Heritage designation fits for Greenway
It seems silly that different public land-use agencies cannot work together, but the Mountains to Sound Greenway Trust is trying to help resolve that problem.
Today, there are six major agencies that manage public lands with the 1.5 million acres known as the greenway. These include the U.S. Forest Service, City of Seattle Watershed, state Department of Natural Resources, Washington State Parks, the state Department of Fish and Wildlife, and King County.
The agencies should be able to intermingle land management. The benefit focuses on enforcement and environmental decisions. For example, one agency employee may not have the authority to stop hunters or timber cutting on public land. It also opens the doors to pilot projects that might be used elsewhere in the country.
The greenway trust is taking the suggestion of the U.S. Forest Service seriously and has begun the move of lands in the greenway to have a National Heritage Area designation. This would allow the jurisdictional management of 900,000 acres of public lands and 100,000 acres of privately conserved lands. The other half-million acres are already in use — your home and workplace — and would not be affected.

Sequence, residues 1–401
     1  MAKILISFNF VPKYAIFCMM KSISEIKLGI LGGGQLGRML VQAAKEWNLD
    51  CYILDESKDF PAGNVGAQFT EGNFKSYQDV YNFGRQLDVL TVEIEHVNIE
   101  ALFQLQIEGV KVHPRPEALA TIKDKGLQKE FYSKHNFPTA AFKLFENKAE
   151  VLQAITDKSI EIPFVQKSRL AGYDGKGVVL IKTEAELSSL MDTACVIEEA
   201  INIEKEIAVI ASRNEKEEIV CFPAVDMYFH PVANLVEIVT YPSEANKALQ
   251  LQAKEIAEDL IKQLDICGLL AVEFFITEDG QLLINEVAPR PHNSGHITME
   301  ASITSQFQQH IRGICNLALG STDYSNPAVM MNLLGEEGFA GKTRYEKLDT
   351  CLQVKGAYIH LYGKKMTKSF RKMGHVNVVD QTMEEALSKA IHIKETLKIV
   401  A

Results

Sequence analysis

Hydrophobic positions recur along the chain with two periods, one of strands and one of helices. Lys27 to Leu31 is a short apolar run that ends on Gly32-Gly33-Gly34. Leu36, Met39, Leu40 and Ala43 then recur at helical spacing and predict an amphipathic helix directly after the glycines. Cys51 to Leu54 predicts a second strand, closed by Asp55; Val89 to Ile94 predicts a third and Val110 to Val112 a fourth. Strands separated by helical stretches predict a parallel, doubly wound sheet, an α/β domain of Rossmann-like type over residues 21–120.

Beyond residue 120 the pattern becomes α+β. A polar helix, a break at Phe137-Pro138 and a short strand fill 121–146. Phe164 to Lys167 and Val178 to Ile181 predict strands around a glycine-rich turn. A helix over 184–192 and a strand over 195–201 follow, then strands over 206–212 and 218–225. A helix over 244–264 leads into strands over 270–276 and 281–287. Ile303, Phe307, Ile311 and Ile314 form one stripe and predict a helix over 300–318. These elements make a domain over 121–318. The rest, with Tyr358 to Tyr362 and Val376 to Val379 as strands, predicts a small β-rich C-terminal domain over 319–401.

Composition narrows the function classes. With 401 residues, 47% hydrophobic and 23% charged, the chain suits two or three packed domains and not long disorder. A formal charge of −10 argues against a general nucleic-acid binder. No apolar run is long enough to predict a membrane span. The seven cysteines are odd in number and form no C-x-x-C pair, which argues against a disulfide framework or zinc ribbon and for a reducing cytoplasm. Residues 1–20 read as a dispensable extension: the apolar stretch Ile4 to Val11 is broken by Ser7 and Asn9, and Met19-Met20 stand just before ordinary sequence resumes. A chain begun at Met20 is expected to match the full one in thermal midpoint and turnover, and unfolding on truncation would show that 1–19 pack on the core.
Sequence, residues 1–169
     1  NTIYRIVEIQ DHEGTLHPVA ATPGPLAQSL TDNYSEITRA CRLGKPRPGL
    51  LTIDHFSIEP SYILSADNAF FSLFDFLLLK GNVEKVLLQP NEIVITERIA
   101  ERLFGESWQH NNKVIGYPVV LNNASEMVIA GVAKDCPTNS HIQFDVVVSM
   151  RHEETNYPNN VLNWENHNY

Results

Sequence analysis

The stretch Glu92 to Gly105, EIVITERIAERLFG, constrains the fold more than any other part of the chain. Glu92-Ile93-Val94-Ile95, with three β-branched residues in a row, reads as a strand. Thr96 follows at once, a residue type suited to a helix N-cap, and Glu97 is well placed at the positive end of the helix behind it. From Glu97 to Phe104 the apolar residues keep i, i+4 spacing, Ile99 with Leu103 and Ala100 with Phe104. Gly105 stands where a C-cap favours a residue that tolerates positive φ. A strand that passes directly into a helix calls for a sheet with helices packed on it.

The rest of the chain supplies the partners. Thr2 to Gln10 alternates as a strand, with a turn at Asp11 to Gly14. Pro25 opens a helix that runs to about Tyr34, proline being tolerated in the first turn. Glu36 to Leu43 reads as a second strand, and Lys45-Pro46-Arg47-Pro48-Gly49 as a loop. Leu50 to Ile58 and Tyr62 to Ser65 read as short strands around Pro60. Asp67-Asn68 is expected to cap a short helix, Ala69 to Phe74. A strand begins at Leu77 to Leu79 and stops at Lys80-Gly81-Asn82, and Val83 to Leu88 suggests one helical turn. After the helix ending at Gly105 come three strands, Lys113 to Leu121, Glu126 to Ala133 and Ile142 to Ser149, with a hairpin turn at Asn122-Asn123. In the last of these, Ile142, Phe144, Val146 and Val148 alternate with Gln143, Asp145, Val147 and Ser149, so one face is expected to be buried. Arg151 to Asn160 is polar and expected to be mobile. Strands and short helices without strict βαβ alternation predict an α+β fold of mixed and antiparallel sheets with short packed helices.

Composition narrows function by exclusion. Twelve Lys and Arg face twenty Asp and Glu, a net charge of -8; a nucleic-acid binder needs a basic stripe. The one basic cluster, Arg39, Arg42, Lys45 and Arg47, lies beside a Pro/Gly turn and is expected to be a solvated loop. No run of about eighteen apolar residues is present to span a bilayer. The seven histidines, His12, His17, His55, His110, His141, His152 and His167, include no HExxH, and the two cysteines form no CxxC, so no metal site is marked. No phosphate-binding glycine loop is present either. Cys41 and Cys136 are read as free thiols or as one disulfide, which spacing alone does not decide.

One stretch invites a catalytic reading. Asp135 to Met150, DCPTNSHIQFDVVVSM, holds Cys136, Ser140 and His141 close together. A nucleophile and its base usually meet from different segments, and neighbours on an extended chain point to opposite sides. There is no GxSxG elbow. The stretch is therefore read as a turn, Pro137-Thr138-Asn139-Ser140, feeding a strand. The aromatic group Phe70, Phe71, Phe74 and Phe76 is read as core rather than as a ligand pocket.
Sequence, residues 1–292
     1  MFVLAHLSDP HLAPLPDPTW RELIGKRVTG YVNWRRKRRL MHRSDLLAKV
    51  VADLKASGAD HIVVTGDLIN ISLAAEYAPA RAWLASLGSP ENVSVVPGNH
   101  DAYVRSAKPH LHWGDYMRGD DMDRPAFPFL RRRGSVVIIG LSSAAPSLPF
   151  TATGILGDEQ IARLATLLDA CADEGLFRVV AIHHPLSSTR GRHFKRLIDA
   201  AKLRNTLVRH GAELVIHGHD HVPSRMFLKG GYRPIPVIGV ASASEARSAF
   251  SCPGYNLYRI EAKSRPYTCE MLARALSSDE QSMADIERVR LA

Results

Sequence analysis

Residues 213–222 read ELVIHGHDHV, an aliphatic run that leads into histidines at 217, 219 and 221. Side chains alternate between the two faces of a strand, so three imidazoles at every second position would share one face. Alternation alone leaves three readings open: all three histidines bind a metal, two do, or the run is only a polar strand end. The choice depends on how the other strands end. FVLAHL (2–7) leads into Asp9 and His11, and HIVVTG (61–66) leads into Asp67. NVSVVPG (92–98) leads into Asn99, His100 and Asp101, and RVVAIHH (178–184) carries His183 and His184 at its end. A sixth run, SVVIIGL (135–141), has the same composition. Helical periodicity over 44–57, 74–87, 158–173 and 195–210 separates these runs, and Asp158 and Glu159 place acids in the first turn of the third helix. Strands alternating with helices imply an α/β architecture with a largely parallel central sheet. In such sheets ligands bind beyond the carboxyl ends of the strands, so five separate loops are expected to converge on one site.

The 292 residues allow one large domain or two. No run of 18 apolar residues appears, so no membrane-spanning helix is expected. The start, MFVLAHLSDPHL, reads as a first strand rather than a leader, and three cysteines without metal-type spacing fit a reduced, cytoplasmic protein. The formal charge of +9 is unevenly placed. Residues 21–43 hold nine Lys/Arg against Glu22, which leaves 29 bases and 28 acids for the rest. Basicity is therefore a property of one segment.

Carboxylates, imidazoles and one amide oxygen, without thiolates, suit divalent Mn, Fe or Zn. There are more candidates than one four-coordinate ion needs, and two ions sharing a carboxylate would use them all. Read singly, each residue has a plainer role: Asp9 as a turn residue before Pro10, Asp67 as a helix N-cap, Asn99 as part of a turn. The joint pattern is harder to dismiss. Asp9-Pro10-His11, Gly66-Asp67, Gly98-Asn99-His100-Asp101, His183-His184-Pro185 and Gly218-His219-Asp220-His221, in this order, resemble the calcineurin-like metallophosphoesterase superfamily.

The national heritage designation has no federal price tag — it only opens a window of opportunity. And the designation does not intrude on property rights, not adding new regulatory authority or other management restrictions over private lands.
It does not require any property owner to provide public access to their land and it does not affect water rights or fishing and hunting regulations.
The greenway trust has reached out to U.S. Rep. Dave Reichert for help in getting the designation. It couldn’t be better timing. Reichert is also making a push to get legislation passed in support of the Alpine Lakes Wilderness Area. While the Alpine Lakes are not within the greenway boundaries, Reichert’s passion for protected public lands should extend to both.